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Rangelands

Heytesbury Cattle Co. manages 2.5 million hectares of rangeland in the Victoria River District of the Northern Territory and Eastern Kimberley district of Western Australia. Our land asset the single most valuable component of our cattle enterprise and we have a responsibility to maintain its natural values in perpetuity. Our Rangeland Manager, in conjunction with Station Managers, actively addresses threats and implement solutions to manage our land responsibly.

Weeds Management
Introduced plants are a serious and demanding land management issue faced by pastoralists in the “Top End”. Heytesbury actively pursues the eradication of Class A/P2 weeds such as Prickly Acacia, Mesquite, Baleria across all Stations in line with the legislative requirements. Additional introduced plants requiring localised eradication have been identified and are undergoing treatment. Innovative weed control methods are in use, including aerial spraying and the new Parkinsonia Biological control; the UU Moth.

Pest Animal Management
Heytesbury Cattle Co. employs proactive and pragmatic approaches to addressing the problems resulting from introduced animal species on our country. The most significant pest animal issue currently faced by pastoralists in the Northern Rangelands are excessive populations of wild dogs which prey on native wildlife and attack stock.  The threat is mitigated through an integrated control program of strategic ground baiting, aerial baiting and trapping. Our Managers participate in broader district wide control programs in Western Australia and the Northern Territory.

Stocking and Pasture Management
We manage our pasture resources for long-term sustainability, primarily through a policy of conservative stocking rates (by industry standards). By maintaining moderate herd numbers, Heytesbury Cattle Co. is able to better withstand fluctuations between seasons and unexpected climatic conditions without placing excessive pressure on our pastures and degrading our land asset. In recent times, a system of rotational spelling has been implemented to allow productive pastures a chance to regenerate.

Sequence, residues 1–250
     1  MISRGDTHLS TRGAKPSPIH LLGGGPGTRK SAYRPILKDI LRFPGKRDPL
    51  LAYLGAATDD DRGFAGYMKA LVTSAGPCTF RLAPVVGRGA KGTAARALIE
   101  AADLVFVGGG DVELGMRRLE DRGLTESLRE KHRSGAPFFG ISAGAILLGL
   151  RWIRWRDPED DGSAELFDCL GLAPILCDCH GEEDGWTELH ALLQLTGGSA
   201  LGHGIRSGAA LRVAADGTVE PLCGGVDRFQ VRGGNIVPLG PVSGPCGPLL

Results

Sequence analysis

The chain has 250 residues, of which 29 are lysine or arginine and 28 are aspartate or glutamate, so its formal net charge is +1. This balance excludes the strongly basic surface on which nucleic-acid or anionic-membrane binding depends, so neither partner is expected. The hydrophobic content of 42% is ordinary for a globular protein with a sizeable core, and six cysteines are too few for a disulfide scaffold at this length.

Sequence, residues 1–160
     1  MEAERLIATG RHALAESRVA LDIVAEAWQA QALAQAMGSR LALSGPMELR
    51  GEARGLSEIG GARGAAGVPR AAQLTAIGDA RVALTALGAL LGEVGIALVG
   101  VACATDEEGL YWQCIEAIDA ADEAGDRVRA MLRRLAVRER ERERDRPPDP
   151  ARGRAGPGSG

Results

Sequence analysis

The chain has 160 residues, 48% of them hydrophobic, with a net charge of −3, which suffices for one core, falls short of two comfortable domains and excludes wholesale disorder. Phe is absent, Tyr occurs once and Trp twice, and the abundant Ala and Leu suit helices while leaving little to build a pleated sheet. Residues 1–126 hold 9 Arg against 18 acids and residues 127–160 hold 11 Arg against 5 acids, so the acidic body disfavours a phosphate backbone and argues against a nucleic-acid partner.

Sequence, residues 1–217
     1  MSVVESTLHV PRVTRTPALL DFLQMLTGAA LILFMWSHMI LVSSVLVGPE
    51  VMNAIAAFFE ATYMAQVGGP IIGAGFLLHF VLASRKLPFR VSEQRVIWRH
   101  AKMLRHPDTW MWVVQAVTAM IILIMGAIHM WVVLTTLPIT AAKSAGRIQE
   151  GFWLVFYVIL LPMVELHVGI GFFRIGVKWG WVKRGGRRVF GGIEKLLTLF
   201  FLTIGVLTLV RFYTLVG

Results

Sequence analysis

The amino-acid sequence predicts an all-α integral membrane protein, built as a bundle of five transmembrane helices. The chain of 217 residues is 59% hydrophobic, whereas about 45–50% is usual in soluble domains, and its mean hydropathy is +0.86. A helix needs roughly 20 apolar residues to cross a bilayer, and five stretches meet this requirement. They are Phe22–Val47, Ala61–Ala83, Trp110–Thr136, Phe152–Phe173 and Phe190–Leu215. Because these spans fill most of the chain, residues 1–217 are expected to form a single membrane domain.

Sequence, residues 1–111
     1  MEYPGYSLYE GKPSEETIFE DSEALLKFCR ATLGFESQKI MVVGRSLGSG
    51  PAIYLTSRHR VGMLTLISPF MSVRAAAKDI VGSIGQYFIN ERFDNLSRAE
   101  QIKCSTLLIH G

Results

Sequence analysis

Fire
Fire is a natural and fundamental element to the Northern Australian eco-system. The absence of fire from much of the productive country in the Victoria River District is thought to have contributed to the process of woody thickening by which many of the areas of natural grassland are now being invaded by scrub. To combat this we have initiated a program of spelling and burning incorporating the best practice recommendation from DPIF’s Kidman Springs “Shruburn” trials. Under this system areas affected by woody thickening will be spelled and burnt on a four yearly rotational basis followed by a further wet-season spell to let pastures recover.

Erosion
Erosion is a serious issue in the Northern Rangeland, especially in the Victoria River District where the high volumes of water experienced in the northern wet-season combine with the rugged topography to produce serious disturbances to soil if not properly managed. To help combat this process, all Station Managers and machinery operators participate in formal soil conservation training to learn the principles of hydrology and erosion mitigation engineering. Both of the major rivers on the VRD lease (the Victoria and Wickham) are fenced so as to exclude stock and arrest the erosion of these rivers that has taken place historically.